Creating Mood with Composition

I was asked earlier this week how to set the curvature of the ground plane for an image and I was somewhat dumbfounded as I had never thought about drawing that technically isolated before. Specifically the asker wanted to picture a character sitting by a tree on a hill. I tried out a few quick compositions within an hour to try and narrow down how I thought about composing: For me, there's usually a motive behind drawing an image- most often mood, other times setting a narrative moment or showcasing interactivity with the environment. In this case, I interpreted the idea as relatively melancholy and/ or pensive and thought about how I would showcase that isolation. Since I was sticking to the basics, that resulted me in relying pretty heavily on character pose and positioning. Mirroring the character's isolation with the single tree presented a stronger front while a smaller size came off far more vulnerable and alone than a close up. Comfortingly, art is pretty flexible so you can get the same mood from all different kinds of compositions depending on the subtlety you want to portray.

Study references- whether they be photographs or illustrations you admire (the latter will most often be easier as they've already been exaggerated and interpreted). What makes them successful? Try and dissect what mood they express and why? Color will play a big part, but there's also the framing, perspective, shape language of elements in the scene, body language and juxtaposition of the figure (if there is one) against other characters and against the scene they're in.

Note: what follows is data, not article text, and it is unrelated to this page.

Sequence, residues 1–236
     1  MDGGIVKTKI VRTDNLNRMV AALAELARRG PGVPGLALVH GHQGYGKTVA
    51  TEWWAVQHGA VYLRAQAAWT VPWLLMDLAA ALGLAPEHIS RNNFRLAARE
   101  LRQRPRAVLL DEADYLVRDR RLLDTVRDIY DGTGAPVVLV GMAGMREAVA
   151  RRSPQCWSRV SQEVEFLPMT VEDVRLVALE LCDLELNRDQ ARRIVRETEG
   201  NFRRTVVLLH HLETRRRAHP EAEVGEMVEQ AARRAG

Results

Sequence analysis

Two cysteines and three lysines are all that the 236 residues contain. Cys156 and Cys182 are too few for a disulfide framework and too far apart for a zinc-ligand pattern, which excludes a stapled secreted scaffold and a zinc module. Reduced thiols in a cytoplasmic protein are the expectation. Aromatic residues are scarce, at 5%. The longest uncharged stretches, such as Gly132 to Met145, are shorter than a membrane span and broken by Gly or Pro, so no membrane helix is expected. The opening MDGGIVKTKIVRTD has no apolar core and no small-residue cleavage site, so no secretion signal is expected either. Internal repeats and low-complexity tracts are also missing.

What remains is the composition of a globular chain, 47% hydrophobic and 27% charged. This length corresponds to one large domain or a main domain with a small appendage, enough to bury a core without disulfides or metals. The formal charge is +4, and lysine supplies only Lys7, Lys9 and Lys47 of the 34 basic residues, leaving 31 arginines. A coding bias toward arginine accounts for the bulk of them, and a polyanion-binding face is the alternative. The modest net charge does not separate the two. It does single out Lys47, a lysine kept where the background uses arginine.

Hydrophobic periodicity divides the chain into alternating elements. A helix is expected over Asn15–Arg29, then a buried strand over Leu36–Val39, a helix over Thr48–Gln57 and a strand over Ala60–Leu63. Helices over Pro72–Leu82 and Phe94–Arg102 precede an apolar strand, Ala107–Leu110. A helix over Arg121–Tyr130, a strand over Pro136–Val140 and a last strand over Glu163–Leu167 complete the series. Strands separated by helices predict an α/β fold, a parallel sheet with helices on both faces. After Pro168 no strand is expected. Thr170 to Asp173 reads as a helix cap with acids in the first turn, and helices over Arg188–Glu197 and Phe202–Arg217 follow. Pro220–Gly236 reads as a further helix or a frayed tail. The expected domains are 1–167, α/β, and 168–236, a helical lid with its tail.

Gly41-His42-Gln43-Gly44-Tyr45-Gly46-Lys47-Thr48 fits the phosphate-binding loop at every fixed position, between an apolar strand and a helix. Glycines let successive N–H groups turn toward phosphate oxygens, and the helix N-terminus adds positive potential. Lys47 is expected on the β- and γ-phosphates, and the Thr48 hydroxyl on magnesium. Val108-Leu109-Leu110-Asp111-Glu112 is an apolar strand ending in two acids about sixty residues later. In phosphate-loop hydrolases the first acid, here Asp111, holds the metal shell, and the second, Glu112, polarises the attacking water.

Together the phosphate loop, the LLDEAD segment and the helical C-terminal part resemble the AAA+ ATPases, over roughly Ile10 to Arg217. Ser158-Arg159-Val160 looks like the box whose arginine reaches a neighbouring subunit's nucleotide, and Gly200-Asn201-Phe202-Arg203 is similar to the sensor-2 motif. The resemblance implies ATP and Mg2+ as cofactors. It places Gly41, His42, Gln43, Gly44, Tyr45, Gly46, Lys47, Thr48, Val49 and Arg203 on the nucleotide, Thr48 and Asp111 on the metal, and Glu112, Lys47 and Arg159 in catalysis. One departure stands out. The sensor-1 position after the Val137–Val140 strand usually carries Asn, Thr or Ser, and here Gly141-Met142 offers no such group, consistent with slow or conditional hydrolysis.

Take these images, for instance (I used Mushishi as an example bc I love it):

Despite similar color palettes, they give off distinctly different moods. In the left image, the viewer is in a voyeuristic position, looking down + watching the character whose back is turned from a distance. Although there is light streaming in, the sensation is still cold and the framing of the foreground branches give a sense of cover for the viewer while the character is exposed. As opposed to the right image where the character is boldly in the open + in stark contrast with the surroundings; there's more direct confrontation and equal footing. The greens are also much more warm and welcoming with the branches of the trees fading off into soft light giving off a more magical yet nostalgic sensation.

Although context of the story will heavily bias the feeling given off by an image, the composition is integral in helping set it.